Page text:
Einarr jumped back. He needed to put some distance between himself and it, to see its next move when it did.

Erik rose again, his hand on a tree for balance, near the wolf’s hind leg. His red-stained leg did not seem quite straight, or quite solid. The fimbulvulf snarled. Einarr allowed a low growl to well in his own chest.

It lunged for him again, and again he deflected the bite with his blade. In the lunge, the fimbulvulf’s tail brushed past Erik. Einarr lost track of his friend again. The wolf demanded his full attention as they returned to their stand-off.

The wolf did not lunge for him again. Instead the fimbulvulf lurched to the side, biting at the base of its tail like a common dog.

Einarr nearly lost the opening to confusion. At the last moment he charged in, and with the flat of the blade landed a mighty blow on the wolf’s slender, tree-sized shin.

The fimbulvulf yelped and turned again to snarl at Einarr, but now its attention was divided by the feeling of something pulling at its fur. It snapped alternately at Einarr and the unexpected thing crawling up its back, too aggravated to actually hit either of them, but its thrashing also kept Einarr from the attack.

Erik appeared over the slope of the fimbulvulf’s shoulders, pulling himself forward toward the creature’s neck by the strength of his arms. In spite of himself, Einarr grinned to see his crewmate reappear.

He dodged forward, worrying at the fimbulvulf’s legs to keep its attention divided, smacking it with the flat of his blade where he could.

“I’ve got it!” Erik’s voice was a little breathless from exertion, but carried none of the pain Einarr would have expected.

Einarr ducked and rolled out from behind the fimbulvulf’s forepaws. When he turned again to look at the wolf, Erik was clinging to its fur with one hand and his good leg tossed over its spine. The other flopped limply against its shoulder while his other arm wrapped about the creature’s neck in a stranglehold. For the first time, Einarr thought he saw fear in the wolf’s eyes.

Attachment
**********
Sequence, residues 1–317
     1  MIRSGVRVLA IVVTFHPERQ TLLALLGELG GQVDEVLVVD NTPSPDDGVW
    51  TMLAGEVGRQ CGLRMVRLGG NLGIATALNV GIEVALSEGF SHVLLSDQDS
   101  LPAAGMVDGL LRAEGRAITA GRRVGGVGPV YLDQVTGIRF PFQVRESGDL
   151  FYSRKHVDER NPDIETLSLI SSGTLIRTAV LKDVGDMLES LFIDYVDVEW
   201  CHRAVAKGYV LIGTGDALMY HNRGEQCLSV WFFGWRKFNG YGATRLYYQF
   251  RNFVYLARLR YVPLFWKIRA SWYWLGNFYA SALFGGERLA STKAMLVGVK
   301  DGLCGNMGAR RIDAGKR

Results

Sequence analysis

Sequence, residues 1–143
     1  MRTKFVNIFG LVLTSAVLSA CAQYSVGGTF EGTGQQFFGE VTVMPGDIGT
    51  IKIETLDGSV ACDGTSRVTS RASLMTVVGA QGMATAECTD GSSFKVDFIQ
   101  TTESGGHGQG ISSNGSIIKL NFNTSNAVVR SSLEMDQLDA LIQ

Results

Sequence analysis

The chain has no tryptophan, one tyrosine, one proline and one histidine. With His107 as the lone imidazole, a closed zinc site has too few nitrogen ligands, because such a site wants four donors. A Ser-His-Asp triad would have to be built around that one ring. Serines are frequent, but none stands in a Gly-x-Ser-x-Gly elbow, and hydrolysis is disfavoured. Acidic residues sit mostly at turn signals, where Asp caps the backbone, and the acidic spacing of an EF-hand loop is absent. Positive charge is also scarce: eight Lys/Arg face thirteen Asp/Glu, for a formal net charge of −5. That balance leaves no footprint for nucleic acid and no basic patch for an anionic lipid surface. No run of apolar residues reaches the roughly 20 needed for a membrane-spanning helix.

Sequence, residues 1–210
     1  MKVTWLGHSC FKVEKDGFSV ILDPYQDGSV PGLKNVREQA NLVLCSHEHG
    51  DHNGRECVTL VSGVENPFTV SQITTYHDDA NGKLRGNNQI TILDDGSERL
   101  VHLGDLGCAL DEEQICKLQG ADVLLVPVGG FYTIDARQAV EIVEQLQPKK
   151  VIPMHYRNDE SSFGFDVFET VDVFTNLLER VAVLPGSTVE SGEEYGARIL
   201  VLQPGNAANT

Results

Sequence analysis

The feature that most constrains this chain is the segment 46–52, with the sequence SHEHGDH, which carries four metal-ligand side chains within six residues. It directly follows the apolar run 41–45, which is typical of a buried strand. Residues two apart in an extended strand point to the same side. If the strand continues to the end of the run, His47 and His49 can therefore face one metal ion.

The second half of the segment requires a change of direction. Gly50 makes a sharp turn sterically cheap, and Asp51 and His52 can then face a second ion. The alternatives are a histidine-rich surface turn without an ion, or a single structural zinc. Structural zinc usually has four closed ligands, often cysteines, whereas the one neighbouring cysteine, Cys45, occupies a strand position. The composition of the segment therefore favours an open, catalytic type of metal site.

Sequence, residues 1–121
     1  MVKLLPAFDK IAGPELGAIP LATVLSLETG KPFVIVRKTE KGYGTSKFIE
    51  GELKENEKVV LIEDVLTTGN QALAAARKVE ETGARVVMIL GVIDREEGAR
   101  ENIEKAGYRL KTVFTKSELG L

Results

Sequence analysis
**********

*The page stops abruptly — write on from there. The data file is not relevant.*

“Try not to kill it!” They were civilized, after all, and civilized men did not kill one anothers’ dogs.

Feeling the pressure around its throat, the fimbulvuf rolled. Erik yelled in pain as the full weight of the wolf rolled over his leg, but his grip would not be so easily dislodged. Erik squeezed, and the wolf began to pant. It rubbed up against a tree, trying to dislodge this new assailant. Erik grimaced as his shoulder rammed into the rough bark, but did not let go. Compared to the roll, that was nothing.

By the time Einarr had gathered enough green wood to hobble the fimbulvulf – at least until it woke up – it lay unconscious on the forest floor. Without a word Einarr handed a handful of flexible branches to his friend to strip the bark from and set about tying figure eights around its legs with some already stripped. The wolf’s breath sent icy puffs of fog up into the atmosphere.

“Come on. Let’s get you back to the ship. Tyr will know what to do about that leg.”

“What… about… the Isintogg?”

“We took care of the wolf. I think I can manage the rest.”